Reading 12 classics in 2015 would be a lot easier if you could knock out each one of them during a flight, like I did this short book on the way home from DC. In order to read some of the longer books I have selected for this task, such as Moby Dick, Midnight’s Children, and The Executioner’s Song, I needed to select some very short works.
The Old Man and the Sea is a delightfully simple plot that I will not rehash here. A warning though, it being such a short book most of the plot will be revealed by merely writing a few paragraphs about it.
While I read this book I thought about chasing goals, the way we chase them, and the people we leave in our wake while we chase those goals. Once the old man, Santiago, commits to catching the giant marlin he has hooked, there is no turning back. However, along the way, on nearly every other page, the old man thinks of the young boy, his apprentice Manolin, who had fished with him in the past and regrets his decision to not take the young boy out with him this day.
Pride and the necessity to make a living pushes the old man out to sea, the catch seeming impossible for hours and then days, but finally the marlin weakens and starts circling the boat. At this point, the old man’s energy and hand strength is somewhat revived. He pulls the marlin in against all odds and lines up the eighteen feet of marlin next to his boat. What a prize! Bask now in the glory of your catch because it will be rotted, decayed, or poisoned by the time you expect to reap the bounty.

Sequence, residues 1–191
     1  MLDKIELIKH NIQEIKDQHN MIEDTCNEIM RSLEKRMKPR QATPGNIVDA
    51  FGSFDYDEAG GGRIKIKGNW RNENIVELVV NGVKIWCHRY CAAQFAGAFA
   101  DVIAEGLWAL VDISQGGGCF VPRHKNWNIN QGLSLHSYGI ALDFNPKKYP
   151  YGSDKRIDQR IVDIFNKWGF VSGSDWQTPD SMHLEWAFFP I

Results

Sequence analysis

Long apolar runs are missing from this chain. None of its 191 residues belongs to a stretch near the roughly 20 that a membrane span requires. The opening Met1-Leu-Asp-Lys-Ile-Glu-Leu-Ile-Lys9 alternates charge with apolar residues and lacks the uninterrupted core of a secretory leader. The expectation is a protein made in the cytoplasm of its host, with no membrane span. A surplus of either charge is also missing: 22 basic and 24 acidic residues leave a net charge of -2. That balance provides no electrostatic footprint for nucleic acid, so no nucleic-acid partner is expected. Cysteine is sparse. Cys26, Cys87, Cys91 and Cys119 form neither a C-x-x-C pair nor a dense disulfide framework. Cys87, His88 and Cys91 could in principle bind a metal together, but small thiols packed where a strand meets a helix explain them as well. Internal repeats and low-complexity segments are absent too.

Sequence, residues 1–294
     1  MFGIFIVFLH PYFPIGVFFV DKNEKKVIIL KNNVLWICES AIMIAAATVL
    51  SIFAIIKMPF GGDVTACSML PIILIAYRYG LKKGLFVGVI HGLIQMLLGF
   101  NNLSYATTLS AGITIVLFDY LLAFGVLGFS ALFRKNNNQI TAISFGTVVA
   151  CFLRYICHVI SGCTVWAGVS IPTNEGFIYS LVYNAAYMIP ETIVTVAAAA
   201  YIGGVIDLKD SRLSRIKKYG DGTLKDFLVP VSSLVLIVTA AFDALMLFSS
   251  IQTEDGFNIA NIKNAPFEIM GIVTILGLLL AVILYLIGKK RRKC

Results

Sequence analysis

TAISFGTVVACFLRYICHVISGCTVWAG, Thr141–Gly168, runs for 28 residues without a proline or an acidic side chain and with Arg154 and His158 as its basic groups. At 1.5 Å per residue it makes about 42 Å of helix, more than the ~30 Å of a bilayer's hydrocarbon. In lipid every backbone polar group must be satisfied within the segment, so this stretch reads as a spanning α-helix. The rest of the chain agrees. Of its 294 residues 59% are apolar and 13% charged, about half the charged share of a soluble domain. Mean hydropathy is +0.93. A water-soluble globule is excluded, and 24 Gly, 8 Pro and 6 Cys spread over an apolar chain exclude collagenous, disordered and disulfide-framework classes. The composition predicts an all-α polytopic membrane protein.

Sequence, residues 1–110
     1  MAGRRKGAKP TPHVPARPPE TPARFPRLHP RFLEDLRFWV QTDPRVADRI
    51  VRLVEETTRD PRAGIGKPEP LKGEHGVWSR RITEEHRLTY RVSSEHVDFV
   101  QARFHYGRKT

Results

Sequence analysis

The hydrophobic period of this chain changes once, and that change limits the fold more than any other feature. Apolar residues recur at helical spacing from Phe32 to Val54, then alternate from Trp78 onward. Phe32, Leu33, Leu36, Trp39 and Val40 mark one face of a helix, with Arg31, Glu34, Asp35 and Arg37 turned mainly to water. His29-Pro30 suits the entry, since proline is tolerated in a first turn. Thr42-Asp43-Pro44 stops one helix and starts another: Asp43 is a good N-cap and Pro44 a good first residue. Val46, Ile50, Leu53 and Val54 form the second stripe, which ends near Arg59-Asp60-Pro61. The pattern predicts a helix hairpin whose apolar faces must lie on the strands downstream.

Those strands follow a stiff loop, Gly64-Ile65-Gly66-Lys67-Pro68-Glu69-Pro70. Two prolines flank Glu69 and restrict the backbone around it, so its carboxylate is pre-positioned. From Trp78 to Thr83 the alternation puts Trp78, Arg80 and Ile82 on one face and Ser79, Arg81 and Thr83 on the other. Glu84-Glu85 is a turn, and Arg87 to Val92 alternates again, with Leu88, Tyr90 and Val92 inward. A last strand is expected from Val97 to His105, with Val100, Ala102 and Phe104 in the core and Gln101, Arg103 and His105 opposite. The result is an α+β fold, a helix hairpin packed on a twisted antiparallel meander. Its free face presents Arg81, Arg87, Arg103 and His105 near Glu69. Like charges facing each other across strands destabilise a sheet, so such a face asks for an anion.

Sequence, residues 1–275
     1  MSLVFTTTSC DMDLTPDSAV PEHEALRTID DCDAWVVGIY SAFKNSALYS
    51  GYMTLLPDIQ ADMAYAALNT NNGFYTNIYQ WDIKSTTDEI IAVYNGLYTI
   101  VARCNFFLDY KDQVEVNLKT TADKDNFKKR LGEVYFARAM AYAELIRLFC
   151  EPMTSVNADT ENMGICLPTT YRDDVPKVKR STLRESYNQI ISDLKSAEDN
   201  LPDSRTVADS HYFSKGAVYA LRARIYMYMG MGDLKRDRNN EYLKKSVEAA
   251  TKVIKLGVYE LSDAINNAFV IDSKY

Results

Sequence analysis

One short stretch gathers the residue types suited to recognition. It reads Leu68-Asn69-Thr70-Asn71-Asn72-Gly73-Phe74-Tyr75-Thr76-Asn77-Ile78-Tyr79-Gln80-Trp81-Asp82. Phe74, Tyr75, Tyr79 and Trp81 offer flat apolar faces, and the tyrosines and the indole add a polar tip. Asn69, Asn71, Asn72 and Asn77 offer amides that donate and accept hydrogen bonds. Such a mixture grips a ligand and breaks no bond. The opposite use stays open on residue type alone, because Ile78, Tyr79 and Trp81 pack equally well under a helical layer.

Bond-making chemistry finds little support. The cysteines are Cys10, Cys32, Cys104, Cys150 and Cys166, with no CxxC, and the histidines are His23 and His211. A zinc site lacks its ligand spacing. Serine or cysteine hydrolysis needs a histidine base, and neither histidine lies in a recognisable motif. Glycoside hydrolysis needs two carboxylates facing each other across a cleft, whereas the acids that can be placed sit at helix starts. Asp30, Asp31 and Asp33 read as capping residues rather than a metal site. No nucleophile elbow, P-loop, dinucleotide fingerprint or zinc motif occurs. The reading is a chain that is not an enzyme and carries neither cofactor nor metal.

Indeed, by the time the old man gets to shore, he has eighteen feet of skeletal remains alongside his boat and the old man himself is nearly dead. Would the ending have been different if the young boy had been allowed to fish with the old man on this journey? I think we are led to think that way. The victory for the old man is that he made it home at all and he can now take Manolin out fishing once again. Together, perhaps, they will catch a big marlin, but the biggest catch of all was lost. Be it pride, stubbornness, or just a foolhardy decision to go for the big prize, the old man did it. Better to try and fail than to not try at all. For if the old man had cut his line after the marlin towed him out to sea for a day, the decision would have eaten at him for the rest of his life.
I revere Hemingway’s writing. It’s the stuff I will aspire to for as long as I write. I will never get there, but it is fun to imagine. I will also never get to the point where I will shoot myself in the head with a shotgun. Exquisite writing and shotgun-assisted suicide I leave to you, Ernest.